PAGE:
Regan: ‘We need Saints or County to change minds’

Scotland Football Association chief executive Stewart Regan. Picture: Getty
Scotland Football Association chief executive Stewart Regan. Picture: Getty
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SFA chief executive Stewart Regan last night joined his SPL counterpart Neil Doncaster in urging all Scottish clubs to vote “yes” in next week’s eagerly awaited ballot designed to overhaul the structure of Scottish football.

Under the plan, which provides a pyramid structure and a more equitable distribution model, Scotland will have three divisions of 12, 12 and 18 with the Scottish Premier League, in its current guise, disbanded.

The new top division will simply be called the Premiership, the second tier the Championship and the third tier the National League.

Crucially, the 24 clubs in the top two tiers would split into three groups of eight after 22 matches of the season – and would then play a further 14 matches. The top eight teams would play for the league title and European places, the middle eight contesting promotion and relegation in and out of the Premiership, and the bottom eight deciding who drops into the 
National League.

It is a system that has been tried and tested in several countries of similar stature to Scottish domestic football, notably Switzerland and Austria. But already St Mirren, quite possibly backed by Ross County, look like being deal-breakers, having said they will vote against, potentially scuppering the whole deal.

“We don’t run league football but we do believe the change would be for the good of the game,” said Regan. “We can’t control the vote but you have 42 chairmen each with a view on what is best for their own club. Those views change over time but we would hope change happens because the Scottish league is in urgent need of radical change to provide a more competitive league.

“To have a strong league you need strong clubs. This proposal puts on the table greater distribution of financial income.”

The SPL need an 11-1 vote for the reconstruction proposal to go through and the SFL a 75 per cent majority. Rangers do not get to vote and Dunfermline, because of their precarious situation, may not either.

“Obviously we need St Mirren and/or Ross County to change their minds,” said Regan, speaking on the fringes of the Soccerex Conference in Manchester where he was one of the speakers. “I recognise there are strong opinions because it’s an emotive subject. Ross County are in their first season in the SPL and have been very clear they don’t like the proposed model of splitting in three eights. As for St Mirren their chairman believes there is a better structure.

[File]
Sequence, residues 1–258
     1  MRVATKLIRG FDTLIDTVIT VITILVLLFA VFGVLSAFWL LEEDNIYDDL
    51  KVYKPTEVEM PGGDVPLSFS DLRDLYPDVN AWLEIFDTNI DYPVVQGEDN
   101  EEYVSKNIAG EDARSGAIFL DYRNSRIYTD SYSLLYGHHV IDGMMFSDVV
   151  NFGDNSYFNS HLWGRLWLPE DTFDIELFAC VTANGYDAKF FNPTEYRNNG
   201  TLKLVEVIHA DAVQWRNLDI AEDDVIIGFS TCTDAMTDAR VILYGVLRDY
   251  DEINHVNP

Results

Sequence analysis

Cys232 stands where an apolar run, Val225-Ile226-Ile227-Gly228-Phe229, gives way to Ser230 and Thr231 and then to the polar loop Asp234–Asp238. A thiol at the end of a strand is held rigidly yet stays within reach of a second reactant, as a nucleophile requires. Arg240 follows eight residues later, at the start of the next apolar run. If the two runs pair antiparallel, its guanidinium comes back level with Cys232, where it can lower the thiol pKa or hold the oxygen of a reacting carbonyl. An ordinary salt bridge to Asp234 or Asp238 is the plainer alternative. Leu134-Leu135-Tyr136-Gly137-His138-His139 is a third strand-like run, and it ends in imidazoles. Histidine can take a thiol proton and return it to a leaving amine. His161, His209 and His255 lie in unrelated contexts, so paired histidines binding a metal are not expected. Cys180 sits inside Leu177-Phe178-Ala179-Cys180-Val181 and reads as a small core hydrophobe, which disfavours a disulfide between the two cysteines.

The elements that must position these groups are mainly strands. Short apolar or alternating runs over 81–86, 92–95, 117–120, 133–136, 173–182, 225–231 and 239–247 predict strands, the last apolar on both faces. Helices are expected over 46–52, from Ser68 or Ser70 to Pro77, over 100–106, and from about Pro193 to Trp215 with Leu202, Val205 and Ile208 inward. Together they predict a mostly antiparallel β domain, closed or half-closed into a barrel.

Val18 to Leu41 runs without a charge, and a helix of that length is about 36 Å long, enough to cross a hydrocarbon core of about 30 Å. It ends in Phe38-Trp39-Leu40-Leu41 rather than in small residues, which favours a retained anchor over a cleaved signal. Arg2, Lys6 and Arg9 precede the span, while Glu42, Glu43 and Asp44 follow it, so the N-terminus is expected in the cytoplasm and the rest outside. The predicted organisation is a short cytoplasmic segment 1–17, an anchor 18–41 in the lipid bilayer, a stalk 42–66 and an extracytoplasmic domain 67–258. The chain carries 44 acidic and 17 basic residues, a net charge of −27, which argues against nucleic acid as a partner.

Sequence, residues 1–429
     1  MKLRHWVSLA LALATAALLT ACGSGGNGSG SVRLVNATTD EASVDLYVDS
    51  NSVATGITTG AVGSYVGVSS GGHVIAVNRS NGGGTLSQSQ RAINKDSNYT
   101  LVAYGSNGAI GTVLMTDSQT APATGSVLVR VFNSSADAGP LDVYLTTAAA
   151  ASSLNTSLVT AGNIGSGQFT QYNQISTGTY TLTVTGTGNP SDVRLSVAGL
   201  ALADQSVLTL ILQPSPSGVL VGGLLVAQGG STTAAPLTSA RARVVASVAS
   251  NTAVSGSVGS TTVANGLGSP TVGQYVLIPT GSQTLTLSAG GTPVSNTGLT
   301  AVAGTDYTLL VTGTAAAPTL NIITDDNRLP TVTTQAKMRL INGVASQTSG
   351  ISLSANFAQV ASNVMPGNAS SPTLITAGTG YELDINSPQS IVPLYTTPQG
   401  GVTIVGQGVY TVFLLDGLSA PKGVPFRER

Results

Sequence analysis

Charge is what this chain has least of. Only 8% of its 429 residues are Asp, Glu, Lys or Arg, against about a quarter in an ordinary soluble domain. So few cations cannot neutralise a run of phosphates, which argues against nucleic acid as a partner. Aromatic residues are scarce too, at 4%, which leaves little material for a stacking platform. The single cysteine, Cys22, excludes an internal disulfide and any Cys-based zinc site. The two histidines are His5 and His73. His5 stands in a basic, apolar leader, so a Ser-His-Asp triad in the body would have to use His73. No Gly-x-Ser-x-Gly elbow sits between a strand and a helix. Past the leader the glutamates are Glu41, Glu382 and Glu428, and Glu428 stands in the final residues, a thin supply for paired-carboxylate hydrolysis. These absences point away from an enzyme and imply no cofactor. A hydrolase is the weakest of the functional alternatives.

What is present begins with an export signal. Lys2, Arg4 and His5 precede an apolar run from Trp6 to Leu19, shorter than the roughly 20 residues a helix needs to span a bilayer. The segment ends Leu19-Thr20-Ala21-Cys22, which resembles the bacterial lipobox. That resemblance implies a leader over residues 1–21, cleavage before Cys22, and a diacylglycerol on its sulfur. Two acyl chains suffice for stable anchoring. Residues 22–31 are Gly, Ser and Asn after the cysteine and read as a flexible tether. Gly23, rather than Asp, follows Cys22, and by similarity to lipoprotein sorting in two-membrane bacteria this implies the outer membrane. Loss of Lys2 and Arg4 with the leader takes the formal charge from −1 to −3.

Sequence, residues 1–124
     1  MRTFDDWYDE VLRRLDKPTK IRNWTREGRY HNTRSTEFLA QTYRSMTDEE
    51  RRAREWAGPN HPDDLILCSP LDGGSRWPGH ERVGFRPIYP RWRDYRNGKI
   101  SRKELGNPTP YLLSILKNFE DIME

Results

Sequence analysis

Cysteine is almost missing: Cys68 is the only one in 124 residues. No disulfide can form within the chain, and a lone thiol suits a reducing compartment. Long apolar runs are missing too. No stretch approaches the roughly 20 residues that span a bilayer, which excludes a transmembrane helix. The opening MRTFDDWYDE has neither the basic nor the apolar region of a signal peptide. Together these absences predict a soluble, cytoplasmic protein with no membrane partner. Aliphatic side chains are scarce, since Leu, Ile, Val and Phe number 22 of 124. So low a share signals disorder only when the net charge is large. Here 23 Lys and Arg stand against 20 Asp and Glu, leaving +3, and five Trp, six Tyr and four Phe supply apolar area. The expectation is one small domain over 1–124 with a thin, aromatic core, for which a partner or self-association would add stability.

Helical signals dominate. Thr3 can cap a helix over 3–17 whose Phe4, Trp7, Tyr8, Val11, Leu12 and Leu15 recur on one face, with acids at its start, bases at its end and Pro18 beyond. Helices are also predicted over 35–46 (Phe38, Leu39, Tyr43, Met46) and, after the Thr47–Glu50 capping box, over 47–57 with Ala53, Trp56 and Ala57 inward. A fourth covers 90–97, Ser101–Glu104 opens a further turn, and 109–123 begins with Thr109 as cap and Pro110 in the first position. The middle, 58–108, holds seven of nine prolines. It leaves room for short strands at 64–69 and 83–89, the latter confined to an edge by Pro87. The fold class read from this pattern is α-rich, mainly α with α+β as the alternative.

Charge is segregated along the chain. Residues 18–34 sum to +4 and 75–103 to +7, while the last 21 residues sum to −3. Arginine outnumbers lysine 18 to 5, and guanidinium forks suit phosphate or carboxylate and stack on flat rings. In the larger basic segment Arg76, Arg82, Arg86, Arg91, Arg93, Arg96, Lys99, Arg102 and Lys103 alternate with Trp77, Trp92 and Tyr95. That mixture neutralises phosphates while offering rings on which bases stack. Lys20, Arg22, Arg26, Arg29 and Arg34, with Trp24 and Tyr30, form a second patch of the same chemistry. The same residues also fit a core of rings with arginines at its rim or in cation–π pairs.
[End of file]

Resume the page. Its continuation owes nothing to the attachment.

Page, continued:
“I understand people can have different views and we are in democracy. I just hope that we get to 11 to take this over the line. League reconstruction has been on the agenda for two-and-a-half years and has come close on a number of occasions to being approved. This is the closest we’ve been.”

In his panel address Regan expanded on this theme. “There is a responsibility among the bigger clubs to think how they can keep a vibrant league going and how they can bring more money into the game. You can’t click your fingers and make it happen. The only way is with meaningful games that fans want to pay to see. We are spinning lots of plates at the moment but it’s all part of a strategy to take the game forward.”

Hibernian chairman Rod Petrie, who has yet to say publicly which way his club will vote and was on the same panel here as Regan, gave a broad hint that the green half of Edinburgh will give the proposals the thumbs up. “All our clubs are trying their best to be the best they can with the resources that they have but for some it’s hard to make progress,” he said. “They are mindful that they have a responsibility to manage their clubs in a proper way and somehow reconcile the ambition to be as competitive as you can be with making sure your club is there for the long term.”

Petrie’s comments were hard to clearly interpret but he appeared to suggest it was by no means out of the question that a club other than Celtic could win the Scottish league under the new blueprint. “You have to try and make sure you have a fair competition and that a club within its own means can have an opportunity to succeed.”

Turning to the future of the Scottish game, Regan was cautious, despite the recent emphasis on youth development, about the prospects of the national team being strong enough under Gordon Strachan to qualify for the expanded 2016 European finals comprising 24 teams, up from 16.

“Scottish football has been on a downward spiral for a number of years,” Regan told The Scotsman. “That’s why we’ve put in place a long-term plan to try and qualify for major championships. We don’t expect results overnight. Obviously 2016 provides a greater opportunity for qualification but in terms of delivering, there’s a long way to go. Let’s face it, we are bottom of our World Cup group.”